"With video installations, electronic music, and abstract art. With Lenten readings from Oscar Wilde and Jack Kerouac. With the pulpit given over to non-believers. All this in the great diocese whose patrons are Saint Ambrose and Saint Charles Borromeo [and, I might add, the See of St. Augustine's conversion, baptism, and reception into the Church]." Read the rest of this article by Sandro Magister at www.chiesa, June 13, 2006.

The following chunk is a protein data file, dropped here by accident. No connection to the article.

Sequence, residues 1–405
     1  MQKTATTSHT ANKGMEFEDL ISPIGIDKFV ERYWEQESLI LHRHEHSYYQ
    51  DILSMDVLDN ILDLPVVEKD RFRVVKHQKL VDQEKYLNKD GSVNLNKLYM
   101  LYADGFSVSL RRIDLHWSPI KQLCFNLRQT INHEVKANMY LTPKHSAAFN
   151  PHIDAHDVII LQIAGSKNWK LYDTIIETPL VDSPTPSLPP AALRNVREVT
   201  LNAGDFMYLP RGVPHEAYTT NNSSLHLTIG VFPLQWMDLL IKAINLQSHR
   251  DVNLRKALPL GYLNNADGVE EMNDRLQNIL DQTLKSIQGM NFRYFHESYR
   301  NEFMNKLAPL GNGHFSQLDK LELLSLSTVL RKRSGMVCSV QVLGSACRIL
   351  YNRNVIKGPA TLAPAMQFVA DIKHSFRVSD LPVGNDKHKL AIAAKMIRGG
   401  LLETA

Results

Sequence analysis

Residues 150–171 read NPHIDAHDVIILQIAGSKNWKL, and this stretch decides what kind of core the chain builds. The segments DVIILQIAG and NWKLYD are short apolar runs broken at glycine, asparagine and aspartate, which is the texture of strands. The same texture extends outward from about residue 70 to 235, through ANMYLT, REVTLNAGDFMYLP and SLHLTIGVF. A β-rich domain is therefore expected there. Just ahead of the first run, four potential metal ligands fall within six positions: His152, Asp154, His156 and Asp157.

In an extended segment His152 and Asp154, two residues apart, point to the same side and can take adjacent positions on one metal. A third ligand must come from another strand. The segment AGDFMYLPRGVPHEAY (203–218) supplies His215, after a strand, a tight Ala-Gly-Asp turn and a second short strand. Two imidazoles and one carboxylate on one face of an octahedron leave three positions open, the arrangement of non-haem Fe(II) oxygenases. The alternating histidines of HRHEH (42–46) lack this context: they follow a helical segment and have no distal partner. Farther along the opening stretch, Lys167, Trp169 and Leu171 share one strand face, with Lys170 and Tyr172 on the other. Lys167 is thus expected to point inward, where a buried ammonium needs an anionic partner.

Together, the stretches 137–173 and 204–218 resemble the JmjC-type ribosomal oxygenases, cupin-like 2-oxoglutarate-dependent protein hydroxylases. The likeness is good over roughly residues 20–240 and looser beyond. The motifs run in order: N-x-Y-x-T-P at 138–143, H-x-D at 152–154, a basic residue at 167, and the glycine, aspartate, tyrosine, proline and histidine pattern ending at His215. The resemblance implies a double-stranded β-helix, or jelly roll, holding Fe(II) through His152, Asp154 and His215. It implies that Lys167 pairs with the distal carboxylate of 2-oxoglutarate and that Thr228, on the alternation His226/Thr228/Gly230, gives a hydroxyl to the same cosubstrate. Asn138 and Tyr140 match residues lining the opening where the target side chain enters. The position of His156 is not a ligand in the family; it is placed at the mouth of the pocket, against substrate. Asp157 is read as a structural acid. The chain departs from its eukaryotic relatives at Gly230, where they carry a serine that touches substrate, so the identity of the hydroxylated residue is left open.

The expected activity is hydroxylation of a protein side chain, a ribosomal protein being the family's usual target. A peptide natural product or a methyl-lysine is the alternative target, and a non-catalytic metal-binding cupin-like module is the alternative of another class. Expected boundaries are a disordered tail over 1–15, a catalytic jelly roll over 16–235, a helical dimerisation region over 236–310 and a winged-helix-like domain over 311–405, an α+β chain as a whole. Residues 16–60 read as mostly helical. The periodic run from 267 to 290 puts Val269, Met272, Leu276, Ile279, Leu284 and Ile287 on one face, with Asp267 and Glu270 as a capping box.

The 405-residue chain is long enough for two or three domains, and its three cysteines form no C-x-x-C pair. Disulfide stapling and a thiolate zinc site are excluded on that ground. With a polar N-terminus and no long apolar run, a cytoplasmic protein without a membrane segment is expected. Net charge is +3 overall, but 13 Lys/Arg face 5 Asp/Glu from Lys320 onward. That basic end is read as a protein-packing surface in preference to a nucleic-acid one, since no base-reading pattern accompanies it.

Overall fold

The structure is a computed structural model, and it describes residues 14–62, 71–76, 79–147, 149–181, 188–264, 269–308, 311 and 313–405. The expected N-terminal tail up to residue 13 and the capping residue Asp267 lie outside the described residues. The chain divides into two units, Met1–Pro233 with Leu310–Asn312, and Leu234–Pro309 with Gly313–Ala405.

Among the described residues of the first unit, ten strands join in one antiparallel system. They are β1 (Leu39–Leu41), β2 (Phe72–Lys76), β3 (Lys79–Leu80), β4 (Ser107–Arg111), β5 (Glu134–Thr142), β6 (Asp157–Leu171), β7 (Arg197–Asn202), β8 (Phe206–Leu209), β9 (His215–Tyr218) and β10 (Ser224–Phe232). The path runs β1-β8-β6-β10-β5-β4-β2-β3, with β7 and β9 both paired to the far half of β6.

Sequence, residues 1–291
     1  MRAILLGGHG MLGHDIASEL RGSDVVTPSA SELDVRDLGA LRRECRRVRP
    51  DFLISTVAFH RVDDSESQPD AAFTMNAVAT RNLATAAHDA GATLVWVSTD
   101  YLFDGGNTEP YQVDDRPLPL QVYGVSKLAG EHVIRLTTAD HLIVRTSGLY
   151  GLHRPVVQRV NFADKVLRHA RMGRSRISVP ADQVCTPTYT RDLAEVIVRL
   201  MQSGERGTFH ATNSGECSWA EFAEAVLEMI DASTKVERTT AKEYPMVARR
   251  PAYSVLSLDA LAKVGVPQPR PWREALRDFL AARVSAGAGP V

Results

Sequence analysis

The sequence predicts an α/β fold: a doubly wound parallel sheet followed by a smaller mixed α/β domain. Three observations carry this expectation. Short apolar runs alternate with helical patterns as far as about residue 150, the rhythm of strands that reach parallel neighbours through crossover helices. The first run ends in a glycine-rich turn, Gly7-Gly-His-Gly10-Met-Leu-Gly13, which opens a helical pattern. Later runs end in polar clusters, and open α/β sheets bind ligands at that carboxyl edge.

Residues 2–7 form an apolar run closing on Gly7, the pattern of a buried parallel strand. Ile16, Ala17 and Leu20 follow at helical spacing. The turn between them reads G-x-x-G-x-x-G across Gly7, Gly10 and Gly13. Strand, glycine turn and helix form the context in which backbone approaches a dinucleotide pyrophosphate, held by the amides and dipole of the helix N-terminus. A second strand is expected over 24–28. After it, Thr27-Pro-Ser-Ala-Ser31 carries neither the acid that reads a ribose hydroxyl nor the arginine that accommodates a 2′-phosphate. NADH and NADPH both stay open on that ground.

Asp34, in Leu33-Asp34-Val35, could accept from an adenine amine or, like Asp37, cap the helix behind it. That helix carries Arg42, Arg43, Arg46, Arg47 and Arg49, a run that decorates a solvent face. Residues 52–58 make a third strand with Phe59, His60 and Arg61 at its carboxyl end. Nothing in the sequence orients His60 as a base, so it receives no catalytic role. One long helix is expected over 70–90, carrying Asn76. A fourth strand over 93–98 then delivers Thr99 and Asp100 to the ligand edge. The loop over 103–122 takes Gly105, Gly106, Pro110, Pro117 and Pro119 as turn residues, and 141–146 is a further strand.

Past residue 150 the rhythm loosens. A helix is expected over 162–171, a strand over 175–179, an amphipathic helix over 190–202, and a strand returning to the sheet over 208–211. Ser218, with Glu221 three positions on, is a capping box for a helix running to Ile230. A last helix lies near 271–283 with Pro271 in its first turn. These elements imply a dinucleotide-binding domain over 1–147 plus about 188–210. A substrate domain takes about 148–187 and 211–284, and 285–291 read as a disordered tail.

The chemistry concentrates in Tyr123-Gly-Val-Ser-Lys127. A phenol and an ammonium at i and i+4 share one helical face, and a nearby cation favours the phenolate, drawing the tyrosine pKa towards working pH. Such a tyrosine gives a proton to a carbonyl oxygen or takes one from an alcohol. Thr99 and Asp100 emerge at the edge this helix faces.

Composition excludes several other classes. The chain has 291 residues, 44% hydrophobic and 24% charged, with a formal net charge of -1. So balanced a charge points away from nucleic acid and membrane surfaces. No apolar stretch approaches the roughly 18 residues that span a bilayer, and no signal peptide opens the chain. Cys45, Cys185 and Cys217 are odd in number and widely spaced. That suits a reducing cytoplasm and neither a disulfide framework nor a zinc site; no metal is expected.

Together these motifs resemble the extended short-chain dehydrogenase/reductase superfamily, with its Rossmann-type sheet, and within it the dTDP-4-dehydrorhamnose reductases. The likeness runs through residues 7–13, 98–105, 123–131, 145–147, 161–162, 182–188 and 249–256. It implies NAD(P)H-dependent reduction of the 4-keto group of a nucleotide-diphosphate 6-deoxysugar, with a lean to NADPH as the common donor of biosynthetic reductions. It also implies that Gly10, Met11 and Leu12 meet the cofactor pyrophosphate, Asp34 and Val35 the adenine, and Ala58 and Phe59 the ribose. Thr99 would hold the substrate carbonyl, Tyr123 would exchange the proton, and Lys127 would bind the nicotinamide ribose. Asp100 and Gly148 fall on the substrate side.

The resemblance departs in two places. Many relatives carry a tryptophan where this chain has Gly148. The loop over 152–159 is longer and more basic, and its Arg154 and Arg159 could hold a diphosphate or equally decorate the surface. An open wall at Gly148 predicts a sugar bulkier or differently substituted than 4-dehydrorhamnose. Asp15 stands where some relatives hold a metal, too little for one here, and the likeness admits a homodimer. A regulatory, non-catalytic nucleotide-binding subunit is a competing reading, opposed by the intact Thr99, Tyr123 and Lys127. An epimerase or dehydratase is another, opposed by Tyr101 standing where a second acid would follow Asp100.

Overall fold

Don't get me wrong. I enjoy much of Oscar Wilde's humor immensely and quote him on other pages of my website. I think Jack Kerouac is a decent, if not profound, read. I'm not even opposed to everything in Spinoza's philosophical writings or to experimental art of the kind undertaken by Tatsuo Miyajima, in the right context (both are mentioned later in Sandro Magister's article). But it seems here that Church authorities have lost all sense of boundaries. The lack of fittingness is as jarring as what I have encountered among some of those Evangelical fringe groups that promote "Christian heavy metal," or parents in the seventies who thought they could earn the respect of the 'younger generation' by smoking pot with their kids. None of this will 'work.' Either it will denature the Gospel being proclaimed (the most likely result), or it will hobble the promotion of Wilde, Kerouac, etc. (Why trouble yourself to go to church to hear them? Most who wouldn't go for any other reason are going to find the church a major 'deduct' anyway, and if Wilde and Kerouac is their reason for going, they might prefer an environment where they can drink or get stoned.) When will "Spirit of Vatican II" liberals learn that the Gospel doesn't need secular 'supplements' to spice it up. The effect, rather, is to water it down, throw a wet towel over it, smother it, and kill it. The Gospel unencumbered by all this merda has done quite well over the past two millennia in converting whole continents and peoples to Christ. Again, I have nothing against study groups taking on the relationship between the Christian Faith and various expressions of secular culture, whether literary, cinematic, or otherwise. In fact, this is exactly what I promote in my classes. But let us pray for a return to sanity about keeping liturgy sacred and keeping the profane out of the sanctuary.